Both Gillum and King have been staffing up. Gillum announced this week that Scott Arceneaux, the former head of the Florida Democratic Party, would be joining his campaign as chief strategist; while King unveiled a host of key hires, including Raymond Paultre as his director of strategic engagement and Stephanie McClung as his finance director.

Gillum announced earlier this month he had raised $765,000 — spread between his official campaign and his political committee Forward Florida — since the start of 2017, most of which was raised since March 1. Meanwhile, state records show King brought in nearly $1.2 million for his official campaign in March. That sum included a $1 million contribution King made to his own campaign.

But a crowded field could be an issue for Democrats hoping to turn Florida blue, according to Sabato’s Crystal Ball. The rankings noted that although Democrats came close to winning in 2010 and 2014, they “haven’t won a gubernatorial race in Florida since 1994 … so an extremely crowded field in an expensive state with a late primary could be problematic for them.”

Richard Corcoran thanks FSU for returning controversial appropriation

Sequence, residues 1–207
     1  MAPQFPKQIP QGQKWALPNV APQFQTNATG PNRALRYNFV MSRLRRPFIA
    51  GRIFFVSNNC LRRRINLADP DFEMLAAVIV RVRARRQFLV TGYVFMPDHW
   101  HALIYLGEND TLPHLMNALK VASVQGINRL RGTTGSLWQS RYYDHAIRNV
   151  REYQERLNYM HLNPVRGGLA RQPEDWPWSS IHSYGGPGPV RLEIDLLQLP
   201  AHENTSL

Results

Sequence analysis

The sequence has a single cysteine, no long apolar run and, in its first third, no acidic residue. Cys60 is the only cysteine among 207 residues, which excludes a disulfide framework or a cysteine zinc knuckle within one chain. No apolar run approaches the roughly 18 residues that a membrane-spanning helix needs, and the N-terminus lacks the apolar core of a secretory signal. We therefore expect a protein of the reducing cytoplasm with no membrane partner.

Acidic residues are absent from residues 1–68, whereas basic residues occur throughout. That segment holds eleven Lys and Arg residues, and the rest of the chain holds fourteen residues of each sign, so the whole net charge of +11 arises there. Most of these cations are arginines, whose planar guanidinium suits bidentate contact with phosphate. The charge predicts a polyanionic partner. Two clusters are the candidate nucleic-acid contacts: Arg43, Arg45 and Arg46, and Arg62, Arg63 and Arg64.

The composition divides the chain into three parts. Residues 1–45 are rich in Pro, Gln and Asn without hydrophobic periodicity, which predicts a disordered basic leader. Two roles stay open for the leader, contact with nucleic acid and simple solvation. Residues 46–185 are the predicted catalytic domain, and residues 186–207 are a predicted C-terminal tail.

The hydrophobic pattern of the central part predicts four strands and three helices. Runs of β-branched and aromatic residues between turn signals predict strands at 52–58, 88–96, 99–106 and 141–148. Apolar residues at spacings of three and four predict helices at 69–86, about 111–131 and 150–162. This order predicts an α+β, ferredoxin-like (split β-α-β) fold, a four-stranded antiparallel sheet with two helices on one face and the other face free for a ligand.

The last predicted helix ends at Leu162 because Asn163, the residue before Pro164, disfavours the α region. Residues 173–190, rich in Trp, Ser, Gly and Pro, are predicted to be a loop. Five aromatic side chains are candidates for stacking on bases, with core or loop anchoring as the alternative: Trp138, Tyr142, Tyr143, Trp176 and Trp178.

House Speaker Richard Corcoran thanked Florida State President John Thrasher for returning money from a now controversial appropriation.

The university got part of an appropriation for Florida Psychological Associates, a firm operated by friends of Sen. Aaron Bean, a Fernandina Beach Republican.

“I recognize that the lack of direction … placed FSU in a situation it did not seek,” Corcoran wrote in a letter dated Tuesday, saying Thrasher’s willingness to return the money was “commendable.” The letter was released Wednesday.

While saying he still had “concerns regarding expenditures that fail to return sufficient value to taxpayers,” the Speaker recognized the school “attempted to develop good measures” for the Mental Health Early Screening program.

The Naples Daily News has reported that Bean helped his friends secure state money for their business and claimed it was “hidden” in the state budget. Corcoran said the company “fell short of expectations.”